That is an excellent question for others to see "when is that scale used?" My answer may surprise you; whenever you hear that it fit in. I know you were asking for a magical formula, but if you are looking to create a gypsy or dark sounding solo you can jump between the Minor (Aeolian) and Harmonic Minor by simply changing the 7th note. The 1, b3 and 5 notes are the main notes of the chord structure, both of the Minor (1, 2, b3, 4, 5, b6, b7) and Harmonic Minor (1, 2, b3, 4, 5, b6, 7) share those main notes, everything else is "color" or creating a "mood". "Modes" are actually considered "moods," that's the beauty of scales! If you hear a direction or sound you would like to create when improvising you have the freedom to make subtle adjustments to the scale formula to create that mood. For instance, you have the option of using other Modes as well in this context to change the sound, try recording a minor rhythm and playing each of the scale over to compare the sounds:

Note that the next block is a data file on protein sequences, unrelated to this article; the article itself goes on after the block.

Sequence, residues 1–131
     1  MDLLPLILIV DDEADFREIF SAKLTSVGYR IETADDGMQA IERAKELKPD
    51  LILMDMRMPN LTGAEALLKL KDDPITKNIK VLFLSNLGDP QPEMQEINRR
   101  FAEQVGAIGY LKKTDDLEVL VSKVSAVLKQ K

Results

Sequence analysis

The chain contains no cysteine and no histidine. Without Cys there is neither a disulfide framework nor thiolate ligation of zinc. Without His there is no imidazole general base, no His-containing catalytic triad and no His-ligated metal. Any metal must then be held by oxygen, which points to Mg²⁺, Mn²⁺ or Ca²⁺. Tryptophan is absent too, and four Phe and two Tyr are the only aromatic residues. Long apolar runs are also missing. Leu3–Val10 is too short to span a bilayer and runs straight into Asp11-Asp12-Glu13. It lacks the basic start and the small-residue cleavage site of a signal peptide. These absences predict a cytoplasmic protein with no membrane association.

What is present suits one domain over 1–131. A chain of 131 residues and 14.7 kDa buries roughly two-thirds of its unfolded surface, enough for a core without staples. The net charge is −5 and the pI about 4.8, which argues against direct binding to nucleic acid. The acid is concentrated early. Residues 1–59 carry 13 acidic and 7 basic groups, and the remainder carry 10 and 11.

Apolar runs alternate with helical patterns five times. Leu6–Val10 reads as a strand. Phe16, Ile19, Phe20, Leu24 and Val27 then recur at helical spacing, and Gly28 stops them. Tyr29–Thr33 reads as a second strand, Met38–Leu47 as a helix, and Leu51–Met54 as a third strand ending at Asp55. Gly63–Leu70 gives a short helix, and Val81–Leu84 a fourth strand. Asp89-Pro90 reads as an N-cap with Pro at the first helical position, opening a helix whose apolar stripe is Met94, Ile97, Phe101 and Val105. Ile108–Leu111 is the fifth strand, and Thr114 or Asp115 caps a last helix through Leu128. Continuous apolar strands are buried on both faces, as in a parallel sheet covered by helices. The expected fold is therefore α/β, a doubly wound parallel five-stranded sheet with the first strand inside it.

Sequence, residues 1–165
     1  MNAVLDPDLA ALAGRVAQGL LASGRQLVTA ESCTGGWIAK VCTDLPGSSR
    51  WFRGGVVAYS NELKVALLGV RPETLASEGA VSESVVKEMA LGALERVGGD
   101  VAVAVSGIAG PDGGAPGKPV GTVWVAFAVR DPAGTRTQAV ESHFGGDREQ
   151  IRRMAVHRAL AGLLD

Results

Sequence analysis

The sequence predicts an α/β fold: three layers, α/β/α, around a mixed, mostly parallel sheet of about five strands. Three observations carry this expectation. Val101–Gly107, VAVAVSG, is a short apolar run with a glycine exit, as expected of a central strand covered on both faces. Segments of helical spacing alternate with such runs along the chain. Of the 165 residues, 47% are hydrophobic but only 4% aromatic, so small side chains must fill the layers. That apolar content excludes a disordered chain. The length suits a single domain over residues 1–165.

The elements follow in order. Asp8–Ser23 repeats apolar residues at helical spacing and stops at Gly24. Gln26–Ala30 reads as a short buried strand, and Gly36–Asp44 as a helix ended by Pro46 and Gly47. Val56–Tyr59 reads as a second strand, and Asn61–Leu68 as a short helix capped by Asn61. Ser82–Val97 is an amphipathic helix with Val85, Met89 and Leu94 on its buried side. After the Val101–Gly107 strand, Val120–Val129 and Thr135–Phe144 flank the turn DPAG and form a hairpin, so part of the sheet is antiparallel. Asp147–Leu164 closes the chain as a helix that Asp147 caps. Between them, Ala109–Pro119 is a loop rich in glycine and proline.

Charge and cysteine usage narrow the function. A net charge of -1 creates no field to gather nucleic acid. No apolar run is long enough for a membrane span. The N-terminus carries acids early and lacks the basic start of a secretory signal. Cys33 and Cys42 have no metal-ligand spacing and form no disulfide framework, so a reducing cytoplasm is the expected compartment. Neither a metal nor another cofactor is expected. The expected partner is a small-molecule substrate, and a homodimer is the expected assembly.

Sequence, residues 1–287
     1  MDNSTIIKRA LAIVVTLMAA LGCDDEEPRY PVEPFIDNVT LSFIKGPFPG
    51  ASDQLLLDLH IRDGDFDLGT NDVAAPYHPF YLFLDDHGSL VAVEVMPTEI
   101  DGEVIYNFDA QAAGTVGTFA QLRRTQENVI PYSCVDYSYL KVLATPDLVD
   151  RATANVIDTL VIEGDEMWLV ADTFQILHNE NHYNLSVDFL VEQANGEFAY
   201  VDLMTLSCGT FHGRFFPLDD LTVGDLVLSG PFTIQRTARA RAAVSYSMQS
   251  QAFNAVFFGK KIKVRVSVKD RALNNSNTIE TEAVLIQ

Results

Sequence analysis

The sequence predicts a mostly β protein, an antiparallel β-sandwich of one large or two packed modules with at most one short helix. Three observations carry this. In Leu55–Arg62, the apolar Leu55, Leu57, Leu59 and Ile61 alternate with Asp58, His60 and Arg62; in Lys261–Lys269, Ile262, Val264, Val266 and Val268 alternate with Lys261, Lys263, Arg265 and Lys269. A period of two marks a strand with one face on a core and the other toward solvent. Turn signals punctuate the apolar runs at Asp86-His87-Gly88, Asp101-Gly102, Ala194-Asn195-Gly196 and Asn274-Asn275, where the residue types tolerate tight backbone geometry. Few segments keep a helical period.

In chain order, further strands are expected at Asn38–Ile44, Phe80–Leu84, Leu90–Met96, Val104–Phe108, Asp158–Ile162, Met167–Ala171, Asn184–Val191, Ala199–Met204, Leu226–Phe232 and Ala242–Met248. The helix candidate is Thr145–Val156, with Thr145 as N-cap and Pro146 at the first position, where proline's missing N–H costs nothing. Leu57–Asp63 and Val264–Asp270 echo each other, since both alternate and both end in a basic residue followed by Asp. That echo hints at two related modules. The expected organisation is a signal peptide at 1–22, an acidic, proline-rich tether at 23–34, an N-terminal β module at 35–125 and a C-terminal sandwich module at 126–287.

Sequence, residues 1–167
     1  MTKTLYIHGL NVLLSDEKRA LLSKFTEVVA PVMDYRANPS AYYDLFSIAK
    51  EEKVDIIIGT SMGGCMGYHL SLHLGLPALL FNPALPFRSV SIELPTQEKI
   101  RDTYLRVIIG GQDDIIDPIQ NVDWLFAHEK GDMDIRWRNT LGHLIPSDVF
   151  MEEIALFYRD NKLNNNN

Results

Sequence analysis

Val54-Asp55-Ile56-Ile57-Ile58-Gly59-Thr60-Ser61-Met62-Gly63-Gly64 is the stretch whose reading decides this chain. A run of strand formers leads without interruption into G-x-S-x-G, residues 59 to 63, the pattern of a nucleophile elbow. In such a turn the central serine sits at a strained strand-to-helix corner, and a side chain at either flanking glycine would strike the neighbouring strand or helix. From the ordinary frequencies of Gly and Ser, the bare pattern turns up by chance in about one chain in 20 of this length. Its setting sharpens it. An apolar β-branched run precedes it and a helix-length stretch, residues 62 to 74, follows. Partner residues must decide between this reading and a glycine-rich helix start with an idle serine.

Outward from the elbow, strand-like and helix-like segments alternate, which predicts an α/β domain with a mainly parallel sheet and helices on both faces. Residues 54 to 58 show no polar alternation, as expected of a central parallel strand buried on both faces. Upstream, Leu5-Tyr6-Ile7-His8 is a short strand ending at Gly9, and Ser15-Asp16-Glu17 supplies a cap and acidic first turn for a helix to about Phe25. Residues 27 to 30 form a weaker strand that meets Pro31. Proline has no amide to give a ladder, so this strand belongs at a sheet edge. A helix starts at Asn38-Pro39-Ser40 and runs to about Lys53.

Minor (Aeolian) (1), 2, (b3), 4, (5), b6, b7
Harmonic Minor (1), 2, (b3), 4, (5), b6, 7
Dorian (1), 2, (b3), 4, (5), 6, b7
Phrygian (1), b2, (b3), 4, (5), b6, b7
The European composer Paganni visualized how the Harmonic Minor/Minor would create illusions of darkness, evil and fear in the mind of the listener. In fact this scale was actually considered by some as the devils music. That illustrates how powerful music can be. I hope this gives you a better understanding on using scales.